There are a number more known “historical vampires”, each as horrifying and intriguing as the last. I could go on, but I trust that I have ruined your appetite for the rest of the day. I’ll leave you time to recover for tomorrow’s post, but I advise bringing a wreath of garlic to bed.

Sunday, October 26, 2014

Festival Of Fear: Day 26: Sunday Bloody Sunday

Cold Sweat

Hostel III

Possession (1981)

Outlander  (Starz)

Blood Lake: Attack of the Killer Lampreys


Saturday, October 25, 2014

Festival Of Fear: Day 25: Superstition Saturday: Cemetery Lore

~by Marie Robinson

There are many names for people like me: gravers, tombstone tourists, taphophiles. They all refer to one who finds great enjoyment in visiting cemeteries. I find cemeteries beautiful and poignant places and feel completely at peace in them. Call it morbid, but I’m captivated by the thought of thousands lying silent beneath the earth, and I love the sculpture of the tombstones.

Tying in with another one of my obsessions, folklore, I have decided to write this piece up on legends, superstitions, and bizarre facts surrounding cemeteries.

We’ll start with some of the more familiar ones. For example, everyone has heard that if a chill passes over you, or you shiver for no reason, it means that someone is walking on your future gravesite. Another common superstition is to hold your breath while passes a cemetery, which has several reasons attributed to it. One is that inhaling may put you at risk for possession by an evil spirit; another is that breathing is disrespectful to the dead.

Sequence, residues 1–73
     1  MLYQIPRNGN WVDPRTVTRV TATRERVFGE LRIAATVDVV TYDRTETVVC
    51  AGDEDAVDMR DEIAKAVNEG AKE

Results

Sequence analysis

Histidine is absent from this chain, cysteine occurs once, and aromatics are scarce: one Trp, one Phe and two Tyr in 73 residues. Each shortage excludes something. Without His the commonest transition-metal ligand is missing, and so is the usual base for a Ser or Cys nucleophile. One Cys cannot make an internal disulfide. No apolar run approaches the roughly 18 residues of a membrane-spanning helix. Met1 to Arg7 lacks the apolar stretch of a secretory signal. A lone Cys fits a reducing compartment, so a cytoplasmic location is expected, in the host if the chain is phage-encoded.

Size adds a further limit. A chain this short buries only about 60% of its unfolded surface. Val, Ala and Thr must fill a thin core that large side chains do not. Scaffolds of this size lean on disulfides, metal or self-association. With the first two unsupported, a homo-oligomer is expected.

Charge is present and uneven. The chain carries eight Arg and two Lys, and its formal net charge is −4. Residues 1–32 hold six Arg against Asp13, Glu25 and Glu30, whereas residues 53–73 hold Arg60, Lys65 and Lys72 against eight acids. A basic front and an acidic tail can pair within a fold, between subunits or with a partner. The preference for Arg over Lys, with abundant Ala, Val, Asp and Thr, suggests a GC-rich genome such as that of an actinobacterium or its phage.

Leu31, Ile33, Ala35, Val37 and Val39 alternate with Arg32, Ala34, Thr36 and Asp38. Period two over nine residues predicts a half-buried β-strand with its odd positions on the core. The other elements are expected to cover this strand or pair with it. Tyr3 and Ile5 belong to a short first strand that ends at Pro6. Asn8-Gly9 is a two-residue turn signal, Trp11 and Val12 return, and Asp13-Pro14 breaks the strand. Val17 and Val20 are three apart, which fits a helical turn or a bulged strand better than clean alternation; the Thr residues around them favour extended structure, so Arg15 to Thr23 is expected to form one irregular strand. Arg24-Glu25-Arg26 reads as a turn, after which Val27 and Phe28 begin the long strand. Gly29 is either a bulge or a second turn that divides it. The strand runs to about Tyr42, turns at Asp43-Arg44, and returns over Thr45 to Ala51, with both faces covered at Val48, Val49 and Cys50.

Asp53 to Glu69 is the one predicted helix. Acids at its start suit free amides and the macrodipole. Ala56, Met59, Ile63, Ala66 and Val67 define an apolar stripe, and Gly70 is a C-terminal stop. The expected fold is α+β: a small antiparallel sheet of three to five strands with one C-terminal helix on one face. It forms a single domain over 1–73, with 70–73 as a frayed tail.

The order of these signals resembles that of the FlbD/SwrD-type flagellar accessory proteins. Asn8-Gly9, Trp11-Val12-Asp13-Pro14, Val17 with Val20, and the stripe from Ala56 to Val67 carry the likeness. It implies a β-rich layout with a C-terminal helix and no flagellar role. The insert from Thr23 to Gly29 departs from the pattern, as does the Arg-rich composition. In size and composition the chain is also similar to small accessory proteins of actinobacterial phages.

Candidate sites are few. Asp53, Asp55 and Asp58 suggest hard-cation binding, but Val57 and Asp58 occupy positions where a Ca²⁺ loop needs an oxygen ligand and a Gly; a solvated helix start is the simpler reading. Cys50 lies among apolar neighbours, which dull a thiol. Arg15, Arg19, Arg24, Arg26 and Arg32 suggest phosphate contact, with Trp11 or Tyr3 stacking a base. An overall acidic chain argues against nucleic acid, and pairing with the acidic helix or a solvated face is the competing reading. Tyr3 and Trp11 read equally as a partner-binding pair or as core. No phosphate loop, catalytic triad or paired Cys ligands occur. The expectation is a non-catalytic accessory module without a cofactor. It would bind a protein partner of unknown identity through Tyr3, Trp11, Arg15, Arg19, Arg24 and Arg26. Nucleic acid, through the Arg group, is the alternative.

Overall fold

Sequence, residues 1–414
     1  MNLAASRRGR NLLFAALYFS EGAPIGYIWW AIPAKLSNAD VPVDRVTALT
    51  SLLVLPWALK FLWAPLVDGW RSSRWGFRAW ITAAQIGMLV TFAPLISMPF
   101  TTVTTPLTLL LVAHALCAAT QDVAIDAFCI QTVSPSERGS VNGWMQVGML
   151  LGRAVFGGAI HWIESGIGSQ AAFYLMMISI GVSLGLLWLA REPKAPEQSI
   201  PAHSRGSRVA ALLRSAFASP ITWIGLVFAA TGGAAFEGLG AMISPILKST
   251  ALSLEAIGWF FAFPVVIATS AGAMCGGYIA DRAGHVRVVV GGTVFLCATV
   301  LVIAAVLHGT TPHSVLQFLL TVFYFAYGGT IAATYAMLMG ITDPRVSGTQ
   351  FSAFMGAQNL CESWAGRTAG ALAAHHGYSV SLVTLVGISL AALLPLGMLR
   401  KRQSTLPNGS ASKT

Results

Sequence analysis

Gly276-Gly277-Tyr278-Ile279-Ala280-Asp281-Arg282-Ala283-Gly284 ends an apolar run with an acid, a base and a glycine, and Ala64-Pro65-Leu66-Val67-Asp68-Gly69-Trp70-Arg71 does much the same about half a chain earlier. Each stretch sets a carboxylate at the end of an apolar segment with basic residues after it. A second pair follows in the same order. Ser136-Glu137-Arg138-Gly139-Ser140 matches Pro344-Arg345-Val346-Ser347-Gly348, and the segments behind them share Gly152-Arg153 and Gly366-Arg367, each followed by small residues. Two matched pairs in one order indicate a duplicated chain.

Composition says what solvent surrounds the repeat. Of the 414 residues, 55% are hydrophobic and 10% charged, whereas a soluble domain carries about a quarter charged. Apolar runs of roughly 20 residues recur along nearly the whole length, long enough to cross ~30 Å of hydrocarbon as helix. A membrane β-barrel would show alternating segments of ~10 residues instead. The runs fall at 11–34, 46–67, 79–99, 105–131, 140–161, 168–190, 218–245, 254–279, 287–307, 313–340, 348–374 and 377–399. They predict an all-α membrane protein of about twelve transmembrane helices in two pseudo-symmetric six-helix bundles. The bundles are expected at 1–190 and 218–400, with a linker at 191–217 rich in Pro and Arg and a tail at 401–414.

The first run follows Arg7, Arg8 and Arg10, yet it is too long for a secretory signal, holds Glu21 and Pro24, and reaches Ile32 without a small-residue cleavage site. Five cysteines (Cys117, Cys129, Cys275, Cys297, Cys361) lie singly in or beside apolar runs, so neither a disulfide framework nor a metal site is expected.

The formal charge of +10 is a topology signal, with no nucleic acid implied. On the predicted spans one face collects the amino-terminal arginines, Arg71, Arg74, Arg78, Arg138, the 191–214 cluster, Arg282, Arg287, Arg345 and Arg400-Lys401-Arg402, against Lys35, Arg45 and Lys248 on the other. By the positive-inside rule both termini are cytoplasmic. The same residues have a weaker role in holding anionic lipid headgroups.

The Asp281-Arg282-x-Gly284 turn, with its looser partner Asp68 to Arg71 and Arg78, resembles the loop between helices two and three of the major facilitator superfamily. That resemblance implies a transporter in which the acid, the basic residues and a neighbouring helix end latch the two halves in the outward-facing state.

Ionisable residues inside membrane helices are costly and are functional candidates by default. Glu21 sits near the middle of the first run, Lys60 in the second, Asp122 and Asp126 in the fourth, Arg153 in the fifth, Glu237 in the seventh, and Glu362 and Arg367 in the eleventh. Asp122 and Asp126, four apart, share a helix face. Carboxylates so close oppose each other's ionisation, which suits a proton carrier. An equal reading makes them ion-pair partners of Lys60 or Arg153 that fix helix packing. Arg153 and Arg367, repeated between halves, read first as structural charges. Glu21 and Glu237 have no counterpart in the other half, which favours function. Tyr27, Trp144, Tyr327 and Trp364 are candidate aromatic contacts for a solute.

Another old wives’ tale you might have heard is that walking on a grave is bad luck, particularly one of an unbaptized child. Doing so could result in the contraction of a grave-scab, a fatal disease that’s symptoms included quivering limbs and shortness of breath and could only be cured under very specific means, or so it goes in British folklore. A pregnant woman who walks over a burial plot may result in giving birth to a club-footed child.

One is advised to never take flowers from a grave, or it could result in a haunting of the spirit of the buried person. It is said that flowers grow on the graves of the good, and weeds on those evil. It is similarly unlucky to take a piece off of a tombstone, although shepherd believed that grinding the stone up and feeding it to their sheep would cure them of ailments. Any structures that are built from recycled tombstones are doomed to collapse.

A once pagan, and later Christian belief (it always seems to go that way, doesn’t it?) was that bodies should be buried with the head facing west and the feet east, so that corpses would be prepared for Judgment Day. Bodies should be buried in their most complete possible form; for example, if a corpse is put in the ground missing a limb, it may be left to wander the earth searching for it, incomplete. The eastern areas of the cemetery were considered most desirable as they would get the most sun, and the northern corner—the coldest and darkest—was once reserved for suicides and criminals. Witches were supposed to be buried face-down in hopes that spells would no longer afflict the townsfolk. In Britain, a symbolic burial is when you hold a fake funeral for a still-living—but ill—person in hopes that it will cure them of their sickness.